There the scientist explained that the energy had something to do with a local distortion in the spacetime continuum. Gloval couldn't follow all the details of the theories involved, but he stayed with it long enough to understand that this same energy could be utilized in the fabrication of a shield system for the SDF-1.

  Since his conversation with Dr. Lang, Gloval had become preoccupied with the idea of taking the enemy by surprise with an offensive maneuver. With the main guns now operational and the potential of a protective barrier, Gloval and the SDF-1 would be able to secure an unobstructed route back to Earth. And Saturn, with its many moons and rings, was ideally suited to such a purpose.

  Rick Hunter, Veritech cadet, admired his reflection in the shop windows along Macross City's main street. He stopped once or twice to straighten the pleats in his trousers, adjust the belt that cinched his colorful jacket, or give his long black hair just the right look of stylish disarray. It was his first day of leave after eight weeks of rigorous training, and he had never felt better. Or looked better, to judge from the attention he was getting from passersby, especially the young women of the transplanted city.

  Rick was always reasonably fit-years of stunt flying had necessitated that-but the drill sergeants had turned his thin frame wiry and tough. "Nothing extraneous, in mind or body." Rick had adopted their motto as his own. He had even learned a few new flying tricks (and taught the instructors a few himself). Planes had been his life for nineteen years, and even the weightlessness of deep space felt like his element. He wasn't as comfortable with weapons, though, and the idea of killing a living creature was still as alien to him as it had been two months ago. But Roy Fokker, Rick's "older brother," was helping him through this rough period. Roy had talked about his own early misgivings, about how you had to think of the Battlepods as mecha, about how real the enemy threat was to all of them inboard the SDF-1. " 'The price of liberty is eternal vigilance'," Roy said,

  quoting an American president. "There's no more flying for fun. This time you'll be flying for your home and the safety of your loved ones." Of course Roy had been through the Global Civil War; he had experience in death and destruction. He'd even come through it a decorated soldier. Although why anyone would have sought that out remained a mystery to Rick. Roy had left Pop Hunter's flying circus for that circus of global madness, and it wasn't something Rick liked to think about. Besides, as true as it might be that the war was right outside any hatch of the ship, it was surely a long way off for a cadet whose battle experience thus far had been purely accidental.

  Rick was strolling down Macross Boulevard at a leisurely pace; he still had a few minutes to kill before meeting Minmei at the market. The city had managed to completely rebuild what the modular transformation had left in ruins. Taking into account the SDF-1's ability to mechamorphose, the revised city plan relied on a vertical axis of orientation. The attempt to recreate the horizontal openness of Macross Island was abandoned. The new city rose in three tiers toward the ceiling of the massive hold. Ornate bridges spanned structural troughs; environmental control units and the vast recycling system had been integrated into the high-tech design of the buildings; EVE engineers-specialists in enhanced video emulation-were experimenting with sky and horizon effects; hydroponics had supplied trees and shrubs; and a monorail was under construction. The city planners had also worked out many of the problems that had plagued the city early on. Shelters and yellow and black safety areas were well marked in the event of modular transformation. Each resident now had a bed to sleep in, a job to perform. Food and water rationing was accepted as part of the routine. The system of waivers, ration coupons, and military scrip had proved manageable. Most people had navigated the psychological crossings successfully. There would soon be a television station, and a lottery was in the works. In general the city was not unlike a turn-of-the-century shopping mall, except in size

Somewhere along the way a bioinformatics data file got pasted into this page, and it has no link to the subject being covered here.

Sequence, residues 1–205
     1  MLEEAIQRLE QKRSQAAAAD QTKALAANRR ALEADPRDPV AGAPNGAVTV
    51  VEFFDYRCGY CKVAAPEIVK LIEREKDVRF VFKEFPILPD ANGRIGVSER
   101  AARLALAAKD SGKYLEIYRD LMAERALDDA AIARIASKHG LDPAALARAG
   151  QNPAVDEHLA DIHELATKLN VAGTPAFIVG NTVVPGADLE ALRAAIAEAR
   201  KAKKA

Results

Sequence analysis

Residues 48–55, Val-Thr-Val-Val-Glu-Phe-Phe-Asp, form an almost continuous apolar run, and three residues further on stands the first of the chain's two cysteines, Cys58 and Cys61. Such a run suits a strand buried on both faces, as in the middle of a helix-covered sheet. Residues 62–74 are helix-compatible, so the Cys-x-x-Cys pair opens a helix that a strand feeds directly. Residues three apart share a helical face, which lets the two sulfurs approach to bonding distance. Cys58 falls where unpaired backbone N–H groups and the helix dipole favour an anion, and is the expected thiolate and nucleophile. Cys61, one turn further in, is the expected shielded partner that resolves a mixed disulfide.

and population. Remarkably, the residents of Macross had made the adjustment-they were a special lot from the start-and the general feeling there was a cross between that found in an experimental

  prototype community and that found in any of the wartime cities of the last era.

  Nearing the market now, Rick began to focus his thoughts on Minmei and how the day as he imagined it would unfold. She would be knocked out by the sight of him in uniform; she wouldn't be able to keep her hands off him; he would suggest the park, and she would eagerly agree-


  Minmei was running toward him, a full shopping bag cradled in one arm, her free hand waving like mad. She was wearing a tight sleeveless sweater over a white blouse, and a skirt that revealed too much. Her hair was down, lustrous even in the city's artificial light; her blue eyes were bright, fixed on his as she kissed him once and stepped back to give him the once-over.

  Inside the cool and crisp cadet Rick was projecting, his heart was running wild. She was already talking a blue streak, filling him in on her eight weeks, asking questions about "spacic training," complimenting him, the uniform, the Defense Force, the mayor, and everyone else connected with the war effort. Rick, however, was so drawn to her beauty that he scarcely heard the news or compliments; he was suddenly quiet and worried. Minmei drew stares from everyone they passed, and she appeared to know half of Macross personally. What had she been doing these past eight weeks-introducing herself on street corners? And what was all this about singing lessons, dance lessons, and an upcoming beauty pageant? Rick wanted to tell her about the hardships of training, the new friends he'd made, his unvoiced fears; he wanted to hold her and tell her how much he had missed her, tell her how their two-week ordeal together had been one of the most precious times in his life. But she wasn't letting him get a word in.